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Why Is My Coffee Bitter?

Ryan Fritzky Ryan Fritzky • March 22, 2021

Wondering why your coffee tastes bitter? You might be surprised by the possible causes, which include the type of coffee cup you're using. Use this checklist to remove the bitter from your morning ritual. 

Coffee Beans Are Stale

How old is your coffee? Is it pre-ground? As a general rule, whole bean coffee stays at peak freshness for about three weeks after it's roasted. After three weeks, the oils and sugars within the coffee bean escape, causing the flavor of the coffee to taste bitter. If you're using pre-ground coffee, the coffee can take on a bitter flavor 24 hours after it's ground. That's why we always recommend buying freshly roasted whole bean coffee and grinding it right before you brew.

Coffee Is Too Finely Ground

Grinding coffee too fine is a common cause of bitterness (also known as over extraction). How do you know what grind size is right for you? This often requires a little experimentation. The grind you use depends on how you make coffee. For an espresso maker or an AeroPress where the coffee grounds aren't exposed to water for a long period of time, you'll want to use a finer grind. For a pour-over brewing method where the grounds sit in water, such as a French press or Chemex, you'll want to use a courser grind. For an automatic coffee maker, you'll want be somewhere in the middle.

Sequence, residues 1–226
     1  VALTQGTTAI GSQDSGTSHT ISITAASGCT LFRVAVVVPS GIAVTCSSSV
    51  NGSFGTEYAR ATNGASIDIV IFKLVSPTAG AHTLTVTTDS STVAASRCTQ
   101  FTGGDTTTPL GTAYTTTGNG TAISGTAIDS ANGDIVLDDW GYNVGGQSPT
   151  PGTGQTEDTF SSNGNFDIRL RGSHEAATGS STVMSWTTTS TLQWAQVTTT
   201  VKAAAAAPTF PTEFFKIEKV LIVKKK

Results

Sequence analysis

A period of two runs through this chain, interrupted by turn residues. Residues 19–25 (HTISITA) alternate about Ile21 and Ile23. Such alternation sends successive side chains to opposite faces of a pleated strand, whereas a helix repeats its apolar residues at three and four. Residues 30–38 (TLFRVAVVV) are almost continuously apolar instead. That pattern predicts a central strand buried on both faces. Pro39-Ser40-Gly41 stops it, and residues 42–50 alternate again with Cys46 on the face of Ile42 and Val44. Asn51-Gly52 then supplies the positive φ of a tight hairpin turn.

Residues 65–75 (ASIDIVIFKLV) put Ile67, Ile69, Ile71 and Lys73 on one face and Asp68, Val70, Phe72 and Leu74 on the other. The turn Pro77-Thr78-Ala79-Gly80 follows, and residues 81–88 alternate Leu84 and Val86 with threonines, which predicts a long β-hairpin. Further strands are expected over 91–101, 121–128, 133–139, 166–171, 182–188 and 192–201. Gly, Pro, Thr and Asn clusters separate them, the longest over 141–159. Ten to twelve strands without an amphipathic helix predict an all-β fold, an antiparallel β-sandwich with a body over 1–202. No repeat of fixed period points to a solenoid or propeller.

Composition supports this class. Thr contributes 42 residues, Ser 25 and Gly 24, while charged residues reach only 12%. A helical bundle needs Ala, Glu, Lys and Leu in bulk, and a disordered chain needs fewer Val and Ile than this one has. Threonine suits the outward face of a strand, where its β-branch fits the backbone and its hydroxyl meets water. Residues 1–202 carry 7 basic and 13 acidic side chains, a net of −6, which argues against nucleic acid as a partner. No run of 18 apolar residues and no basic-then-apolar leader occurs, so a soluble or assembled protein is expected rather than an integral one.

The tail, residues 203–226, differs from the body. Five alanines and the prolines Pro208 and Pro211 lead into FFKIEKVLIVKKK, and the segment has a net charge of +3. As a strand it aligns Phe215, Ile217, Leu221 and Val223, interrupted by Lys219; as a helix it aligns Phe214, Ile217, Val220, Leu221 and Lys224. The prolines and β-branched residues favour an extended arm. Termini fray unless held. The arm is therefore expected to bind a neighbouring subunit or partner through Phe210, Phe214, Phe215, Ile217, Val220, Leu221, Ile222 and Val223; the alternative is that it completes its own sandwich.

Grounds Steeped Too Long

When using a French press, don't leave the coffee grounds submerged in water for more than four minutes. Serve the coffee immediately after it's done steeping to prevent it from meeting a bitter (over extracted) fate.

Water Is Too Hot

When it comes to optimal brewing temperature for coffee, 195 to 205 degrees Fahrenheit (or two to three minutes off of boil) is the sweet spot. If your water is too hot or over-boiled, you'll extract the bitter compounds from the coffee.

Taste Preference 

Coffee preferences and tastes are very subjective. A coffee drinker who enjoys a darker roast will often label a lightly-roasted coffee with a more tea-like or fruity tasting profile as bitter or tart. This isn't necessarily an issue with your brewing method or an imperfection in the coffee. 

Color of Your Cup

Beyond controlling freshness, grind, roast profile, time, and temperature, there's a well-known psychological aspect to perceiving bitter coffee: the color of the cup. Our perception of taste comes not merely from the chemical aspects of what we consume and how those bear on our body's senses of taste and smell, but from our own mental state.
It turns out that white cups provide greater contrast for the dark color of coffee, and thereby predispose us to perceive stronger, and often more bitter, tastes from the coffee we're drinking. By contrast, using a clear glass encourages us to imagine we're drinking something lighter and sweeter than we'd otherwise detect.

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Posted in: Coffee Questions
Tags: Bitter Coffee
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